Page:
Rose growing wasn’t always so complicated. In fact for thousands of years it involved no work at all. Mother Nature herself created the first roses which are species roses. By estimate over some 100 plus exist. The arguments as to what defines a species rose are numerous and this is not the place for that. Suffice to say that species roses have been on this earth long before man, long before cultivated gardens and long before anyone knew what an outward facing bud eye was.

These species roses survived without any care and still do today. Many a hedgerow in England, a mountainside in China or an old homestead in America still contain these original roses that continue to thrive happily under the hand of Mother Nature. And fortunately many gardeners still grow and enjoy them in their own gardens.

Over time and with a little help from the birds and the bees pollen from the Species roses was mixed and other forms of cultivated or “Hybrid” roses began to emerge. Some of the earliest known to the western world are what is known at the “Old European Roses”. Groups like Gallicas, Damasks, Centifolias, Albas, Portlands and Mosses poured forth perfume mostly during the spring bloom season. In Asia the China and Tea roses began to emerge carrying with them repeat flowering qualities rarely seen in the western world and destined to remain that way until the times of the clipper ships.

Like their native ancestors these roses too thrived on benign neglect. The weaker varieties among them were weeded out by either the hand of nature or the hoe of the gardener and the stronger ones persisted by being passed from garden to garden via cuttings or shoots that emerged next to the parent plant in the warmth of springtime.

Next:  "Go West Young Rose"

Tuesday, October 27, 2009

Why I Do The Things I Do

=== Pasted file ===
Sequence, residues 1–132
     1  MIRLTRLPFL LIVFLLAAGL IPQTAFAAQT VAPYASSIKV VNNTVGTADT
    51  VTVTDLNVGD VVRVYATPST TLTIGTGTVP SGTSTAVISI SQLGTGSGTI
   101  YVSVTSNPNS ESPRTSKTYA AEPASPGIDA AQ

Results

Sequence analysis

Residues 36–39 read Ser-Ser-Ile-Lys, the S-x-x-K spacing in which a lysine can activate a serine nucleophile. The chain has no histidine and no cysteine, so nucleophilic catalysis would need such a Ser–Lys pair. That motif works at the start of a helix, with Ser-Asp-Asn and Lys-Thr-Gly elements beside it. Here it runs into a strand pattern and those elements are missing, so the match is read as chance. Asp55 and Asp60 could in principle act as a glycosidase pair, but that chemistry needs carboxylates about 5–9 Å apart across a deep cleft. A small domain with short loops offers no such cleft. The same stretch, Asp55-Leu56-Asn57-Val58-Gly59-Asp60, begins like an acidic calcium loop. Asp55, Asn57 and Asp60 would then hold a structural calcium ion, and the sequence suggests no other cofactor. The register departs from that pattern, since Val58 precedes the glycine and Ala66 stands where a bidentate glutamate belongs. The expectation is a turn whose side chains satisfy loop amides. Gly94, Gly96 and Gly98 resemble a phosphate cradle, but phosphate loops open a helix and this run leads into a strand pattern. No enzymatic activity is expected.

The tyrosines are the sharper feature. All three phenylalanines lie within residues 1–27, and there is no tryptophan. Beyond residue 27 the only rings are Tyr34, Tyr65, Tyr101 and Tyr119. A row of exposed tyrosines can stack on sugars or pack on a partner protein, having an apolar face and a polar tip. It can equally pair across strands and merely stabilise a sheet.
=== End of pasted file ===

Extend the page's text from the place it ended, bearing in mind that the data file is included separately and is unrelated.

Many years ago I obtained the book “Roses for Every Garden” by R. C. Allen. It was as inspirational to me then as it is now and Mr. Allen’s reasons for writing it ring true to me today. I quote from Mr. Allen’s foreword both because he says it so well and to acknowledge the influence of those who have gone before.

“Somehow, the idea that roses are difficult has crept into our horticultural thinking, perhaps because we expect greater perfection from roses than from other flowers. Then in our efforts to excel we have made rose growing laborious, time consuming, even costly and lost the recreation and inspiration that more modest aims can provide” Mr. Allen wrote those words in 1948 and they still ring true.

But as Bob Dylan says, “the times they are a changin”. Roses like Knockout are showing gardeners they too can grow roses without fuss, the “Green” movement throughout the world is thankfully creating demand for plants grown without chemicals, smaller gardens mean roses must be integrated into the general planting and today’s busy lifestyles means roses growing must simplify and be less time consuming.

What prodded this entry was a question I’ve been asked many times. How did you develop your methods of growing roses? It came about from many years of raising my own roses, caring for other people’s roses, talking and being influenced by other rose people but most of all because many years ago I fell in love with roses, the simplicity of gardening and saw no reason why the two should be mutually exclusive. Today after close to twenty years of growing roses, including six years running a rose care company in Los Angeles and ten years as the owner of my own rose nursery, I feel even more strongly about it.

Mr. Allen in closing his foreword some 60 years ago said this. “This book is intended to strip rose culture of its complications….It removes bewilderment or uncertainty and, with success, the growing of roses becomes a rich and satisfying experience.”

I couldn’t have said it better myself.

Tuesday, October 20, 2009

The Basics. Prune or Rejuvenate?

Nothing frightens a new rose grower more than the dreaded "P" word - pruning.  It's a rose chore that has become so amazingly complicated it sends many a rose grower screaming for the shovel feeling the best way to prune is dig the #%&$* rose out and be done with it.

First off for Garden Roses forget about all the outward facing bud eye, five leaflet leaf set, 45 degree angle cut, seal with glue, stand on one leg and wear red underwear stuff.  With a Garden Rose you aren't pruning a rose you are merely shaping and cleaning up a flowering shrub. Clean out dead wood, twiggy weak growth and shape it up.  That's it really.